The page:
Rapidly Growing Mycobacteria Infection in Patients with Cancer

Infectious Disease Service, Dept of Medicine, Memorial Sloan-Kettering Cancer Center, New York, New York 10065, USA.
Clinical Infectious Diseases (Impact Factor: 9.42). 08/2010; 51(4):422-34. DOI: 10.1086/655140
Source: PubMed

ABSTRACT Rapidly growing mycobacteria (RGM) have been associated with various clinical syndromes in immunocompetent and immunocompromised hosts. The risk factors and outcomes of RGM infection in patients with cancer have not been clearly defined.
Data were derived from 2 distinct sources. Demographic and clinical data were collected for all patients with cancer at Memorial Sloan-Kettering Cancer Center with a culture positive for RGM from January 1999 through December 2008. We also reviewed the literature for studies describing RGM infection in patients with cancer.
During the 10-year period, 28 patients with cancer at Memorial Sloan-Kettering Cancer Center had cultures positive for RGM. Most cases occurred in patients with solid tumors and were confined to the lung. A review of the literature identified 313 additional patients with cancer and RGM infection. Combining our series data with cases from the literature, we defined 3 distinct syndromes: pulmonary disease, which occurred in 158 patients (47%); bloodstream infection, occurring in 151 patients (45%); and disseminated infection involving at least 1 end organ, affecting 26 persons (8%). The syndromes differed by age of onset, underlying cancer, main RGM species, and outcome. Persons with bloodstream infection typically were young and had an excellent outcome; those with disseminated infection were older, had pronounced immunosuppression, and had a very poor prognosis.
RGM infections in patients with cancer comprise 3 distinct disorders with different risk factors, predominant mycobacterial species, and prognoses. In turn, the approach to management, including number and duration of antimycobacterial drugs, may be fundamentally different for various patients with cancer who receive a diagnosis of RGM infection.

1 Follower
  • Source
    [Show abstract] [Hide abstract]
    ABSTRACT: Background: There is limited knowledge about the predominant malignancy associated with rapidly growing Mycobacterium (RGM) infections. This study identifies the most common malignancies, body site, treatment, and outcome associated with RGM infections. Methods: A retrospective chart review was conducted at Moffitt Cancer Center in Tampa, Florida. The computerized epidemiology report provided by the microbiology lab identified cancer patients who have been diagnosed with a RGM infection from 01/01/1990- 10/07/2008. Medical records from 45 patients were obtained, and the data was recorded and analyzed. Results: Of the 45 patients, 24 were female and 21 male. The median age of these patients was 58 years. Hematological malignancy was found to be the leading disease with 23 of the 45 patients (51.1%), while 9 of the 45 (20.0%) had breast cancer. Various forms of lung cancer accounted for 7 cases (15.6%), and 6 cases (13.3%) were distributed throughout other forms of primary malignancies. Within the 45 analyzed cases, four different species of RGM were observed. These were M. abscessus with 25 (55.6%) cases, M. fortuitum with 12 (26.7%) cases, M. chelonae with 6 (13.3%) cases, and 2 M. mucogenicum (4.4%) cases. Neutropenia was present in 14 patients (31.1%) at the time of their infection. Lung infection was the most common site with 17 (37.7%) cases; followed by bacteremia and catheter site infections with 8 (17.7%) and 7 (15.5%) cases respectively. The most common antibiotics used to treat RGM infections were azithromycin (84%), tigecycline (40%) and meropenem (36%), for a duration of one week to one year (average six weeks). Response to therapy was noted in 60% of patients and 8 patients died from the underlying malignancy. Conclusion: The results obtained in this chart review offer guidance for which malignancies are associated with RGM infections and reports the most prevalent Mycobacteria species. The three most frequent malignancies were: hematological, breast, and lung. The four most common RGM species, in order of predominance, were M. abscessus, M. fortuitum, M. chelonae, and M. mucogenicum.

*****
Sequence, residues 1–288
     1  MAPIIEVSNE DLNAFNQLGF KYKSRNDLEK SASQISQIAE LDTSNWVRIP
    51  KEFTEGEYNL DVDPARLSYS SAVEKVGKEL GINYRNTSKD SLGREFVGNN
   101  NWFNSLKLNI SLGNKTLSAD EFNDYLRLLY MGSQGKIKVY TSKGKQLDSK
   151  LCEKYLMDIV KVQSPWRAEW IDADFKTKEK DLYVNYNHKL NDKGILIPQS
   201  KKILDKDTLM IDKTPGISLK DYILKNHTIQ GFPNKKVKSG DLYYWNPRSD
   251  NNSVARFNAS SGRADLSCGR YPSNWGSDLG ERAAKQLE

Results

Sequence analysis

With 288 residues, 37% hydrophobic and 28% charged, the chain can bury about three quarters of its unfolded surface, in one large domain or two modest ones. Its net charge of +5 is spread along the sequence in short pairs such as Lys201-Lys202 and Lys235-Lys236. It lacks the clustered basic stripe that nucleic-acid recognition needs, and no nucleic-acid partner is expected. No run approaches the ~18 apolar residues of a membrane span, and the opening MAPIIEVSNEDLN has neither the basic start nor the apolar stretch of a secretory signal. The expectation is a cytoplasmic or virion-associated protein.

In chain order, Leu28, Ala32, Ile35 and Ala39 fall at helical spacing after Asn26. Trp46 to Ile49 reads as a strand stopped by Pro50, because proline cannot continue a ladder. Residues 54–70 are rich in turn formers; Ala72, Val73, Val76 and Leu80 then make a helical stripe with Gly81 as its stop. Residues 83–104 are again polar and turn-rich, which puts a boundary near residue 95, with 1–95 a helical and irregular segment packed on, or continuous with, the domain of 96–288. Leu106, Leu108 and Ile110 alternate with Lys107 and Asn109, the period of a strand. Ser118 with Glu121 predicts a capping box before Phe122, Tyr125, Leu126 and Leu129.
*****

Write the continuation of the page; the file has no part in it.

IDWeek 2012 Meeting of the Infectious Diseases Society of America; 10/2012
  • Source
    Infectious Disease in Clinical Practice 01/2014; DOI:10.1097/IPC.0000000000000147
  • Source
    [Show abstract] [Hide abstract]
    ABSTRACT: The first generation protease inhibitors has been the mainstay of hepatitis C treatment for the last couple of years, showing marked improvement in sustained virological response, but also increased side effects. Infection has emerged as a common complication of telaprevir and boceprevir in combination with peginterferon and ribavirin, usually caused by common pathogens. We present the case of a 65 years old man who developed a Mycobacterium abscessus pulmonary infection during treatment with telaprevir, peginterferon and ribavirin. The patient was successfully treated with amikacin, imipenem and chlarithromycin. The present case is relevant for increasing awareness for recognition of opportunistic infections and particularly nontuberculous mycobacterial infections in patients receiving triple therapy for chronic hepatitis C, especially in cirrhotic subjects who develop significant lymphopenia.


Available from